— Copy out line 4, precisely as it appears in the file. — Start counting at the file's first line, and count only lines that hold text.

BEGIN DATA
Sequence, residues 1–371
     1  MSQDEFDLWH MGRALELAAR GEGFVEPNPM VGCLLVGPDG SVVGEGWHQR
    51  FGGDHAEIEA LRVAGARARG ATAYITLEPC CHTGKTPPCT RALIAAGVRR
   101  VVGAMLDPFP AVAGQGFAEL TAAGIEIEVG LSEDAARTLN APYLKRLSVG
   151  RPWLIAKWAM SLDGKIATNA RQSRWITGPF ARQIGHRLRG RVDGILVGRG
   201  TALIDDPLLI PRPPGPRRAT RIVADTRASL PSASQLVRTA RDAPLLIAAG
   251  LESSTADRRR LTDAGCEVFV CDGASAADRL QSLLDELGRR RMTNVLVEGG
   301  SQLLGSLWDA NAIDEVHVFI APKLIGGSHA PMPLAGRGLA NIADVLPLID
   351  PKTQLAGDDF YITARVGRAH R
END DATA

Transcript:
   101  VVGAMLDPFP AVAGQGFAEL TAAGIEIEVG LSEDAARTLN APYLKRLSVG